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Ten Word or Less Review – Snow White and the Seven CGI Dwarves

Director Rupert Sanders may, I say may, be the next Ridley Scott.  There is no doubt in my mind that he’s capable of crafting some truly amazing imagery with the vast arsenal of Hollywood toys at his fingertips.  Snow White and The Huntsman can effortlessly stand up to any and all comers as one of the years most transcendent looking experiences put to film.  Between watching it and Life of Pi on the same day I had enough visual stimulation to last me for weeks.  Somewhere Guillermo Del Toro sits like a proud papa knowing that his meticulous influence on the appearances of genre films is in full effect.  But after the pride subsides the tears start to flow.  Because Snow White is also without question the single most boring movie experience mounted this year of our lord 2012.

All this resplendent visual opulence sits in service to a regurgitated fairy tale which has more business being a screensaver than an actual movie.  Sanders movie is doubly frustrating because it sits within striking distance of being magnificent.  With just a few nudges here and there it may have been something quite special, but it constantly takes the safe way out, backs down or otherwise becomes a narrative chore.  It never has the balls to outdo it’s big budget brothers and sisters in ways it seems aching to achieve.  A director with more clout, or maybe some Game of Thrones experience, probably could have gotten this thing to where it needed to be.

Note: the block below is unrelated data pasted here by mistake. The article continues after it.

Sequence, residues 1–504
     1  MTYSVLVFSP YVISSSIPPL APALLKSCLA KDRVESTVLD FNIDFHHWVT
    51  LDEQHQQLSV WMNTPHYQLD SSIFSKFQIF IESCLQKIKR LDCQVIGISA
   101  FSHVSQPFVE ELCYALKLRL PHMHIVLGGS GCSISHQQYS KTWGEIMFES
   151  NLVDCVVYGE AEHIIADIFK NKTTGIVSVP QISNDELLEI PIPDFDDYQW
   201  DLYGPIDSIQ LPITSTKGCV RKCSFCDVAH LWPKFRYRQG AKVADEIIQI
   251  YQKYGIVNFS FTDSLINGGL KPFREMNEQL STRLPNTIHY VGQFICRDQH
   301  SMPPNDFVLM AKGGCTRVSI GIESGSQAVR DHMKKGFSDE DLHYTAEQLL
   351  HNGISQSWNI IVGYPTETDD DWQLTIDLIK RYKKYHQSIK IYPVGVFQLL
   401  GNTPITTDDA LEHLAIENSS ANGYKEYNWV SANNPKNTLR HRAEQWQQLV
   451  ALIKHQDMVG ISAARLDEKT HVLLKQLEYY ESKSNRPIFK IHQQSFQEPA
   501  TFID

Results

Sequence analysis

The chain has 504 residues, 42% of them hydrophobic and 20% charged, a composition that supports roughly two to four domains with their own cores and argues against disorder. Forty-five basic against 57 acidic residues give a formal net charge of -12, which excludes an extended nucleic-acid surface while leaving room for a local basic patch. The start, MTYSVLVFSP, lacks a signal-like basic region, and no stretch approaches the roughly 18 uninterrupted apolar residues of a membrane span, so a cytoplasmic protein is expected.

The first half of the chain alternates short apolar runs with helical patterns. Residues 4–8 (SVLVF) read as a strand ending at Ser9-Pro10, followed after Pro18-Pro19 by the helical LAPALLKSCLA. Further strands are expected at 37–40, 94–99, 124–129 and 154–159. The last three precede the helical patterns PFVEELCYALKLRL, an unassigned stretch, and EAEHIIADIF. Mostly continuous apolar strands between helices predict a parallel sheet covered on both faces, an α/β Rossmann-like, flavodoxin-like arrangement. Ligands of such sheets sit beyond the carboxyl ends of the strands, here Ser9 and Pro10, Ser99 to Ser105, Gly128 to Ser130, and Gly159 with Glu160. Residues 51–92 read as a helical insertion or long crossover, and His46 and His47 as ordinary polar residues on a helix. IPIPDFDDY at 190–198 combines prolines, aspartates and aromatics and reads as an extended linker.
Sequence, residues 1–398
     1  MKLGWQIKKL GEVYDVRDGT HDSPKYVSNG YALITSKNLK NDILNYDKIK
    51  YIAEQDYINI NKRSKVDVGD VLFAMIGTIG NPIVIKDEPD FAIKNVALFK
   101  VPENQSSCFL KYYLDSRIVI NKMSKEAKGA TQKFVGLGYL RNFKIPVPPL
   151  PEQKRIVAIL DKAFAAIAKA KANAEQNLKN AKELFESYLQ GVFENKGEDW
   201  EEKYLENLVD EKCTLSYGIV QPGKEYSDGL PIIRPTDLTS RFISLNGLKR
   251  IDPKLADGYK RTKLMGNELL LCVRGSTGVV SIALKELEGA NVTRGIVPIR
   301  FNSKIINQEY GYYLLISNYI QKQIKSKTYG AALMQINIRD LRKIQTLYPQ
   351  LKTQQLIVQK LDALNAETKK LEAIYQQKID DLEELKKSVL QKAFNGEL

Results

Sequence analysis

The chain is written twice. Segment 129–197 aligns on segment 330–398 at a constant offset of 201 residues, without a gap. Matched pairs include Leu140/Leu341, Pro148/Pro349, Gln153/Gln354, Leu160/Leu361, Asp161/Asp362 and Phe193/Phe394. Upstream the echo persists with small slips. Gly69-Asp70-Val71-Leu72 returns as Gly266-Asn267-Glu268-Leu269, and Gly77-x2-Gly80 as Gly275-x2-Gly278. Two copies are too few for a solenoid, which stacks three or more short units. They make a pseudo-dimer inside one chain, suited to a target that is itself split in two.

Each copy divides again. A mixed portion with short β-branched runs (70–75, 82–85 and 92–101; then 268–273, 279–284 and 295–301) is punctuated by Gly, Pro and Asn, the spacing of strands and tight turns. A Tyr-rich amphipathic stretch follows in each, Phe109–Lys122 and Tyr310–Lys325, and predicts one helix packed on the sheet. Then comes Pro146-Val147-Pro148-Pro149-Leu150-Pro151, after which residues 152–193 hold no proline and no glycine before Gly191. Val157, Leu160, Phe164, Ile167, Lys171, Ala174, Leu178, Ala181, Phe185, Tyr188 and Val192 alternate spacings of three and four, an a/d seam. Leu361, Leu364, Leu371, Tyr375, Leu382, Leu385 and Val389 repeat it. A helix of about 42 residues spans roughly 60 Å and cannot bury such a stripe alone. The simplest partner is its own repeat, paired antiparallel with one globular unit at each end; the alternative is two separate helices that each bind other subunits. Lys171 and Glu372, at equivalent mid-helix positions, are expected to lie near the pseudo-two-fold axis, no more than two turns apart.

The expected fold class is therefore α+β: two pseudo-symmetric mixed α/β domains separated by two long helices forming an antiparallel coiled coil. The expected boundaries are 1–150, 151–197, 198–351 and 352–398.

Its cast is relegated to walking through the overpowering scenery, being swallowed up by the high priced CGI processing power time and time again.  Give Kristen Stewart all the hell you want for being a tepid actress but few if any could hold their own with the screenplay at hand.  It’s a bland experience that I’m sure took the hands of many to make this remedial.  The much touted Charlize Theron steals what scenes she can but the movie forgets her half way through and she’s never as malignant as she needs to be.  Thor is in it.  He’s covered in mud the whole time and has an out of place Scottish accent.  Someone apparently told him they were making a historical epic.  With witches and fairies.  The inclusion of the dwarves feels sadly superfilous and their presentation is bizarre.  Basically seven experienced British actors (Bob Hoskins/Mark Frost/Ray Winstone/Ian McShane, etc.) have their noggins seamlessly sewn onto the bodies of little people playing the dwarves.  It’s a very accomplished but weird effect which serves no discernible purpose in the end.  I can see why little people got so pissed about this movie.  But I guess asking Peter Dinklage to save every piece of costume heavy high fantasy is asking a lot.


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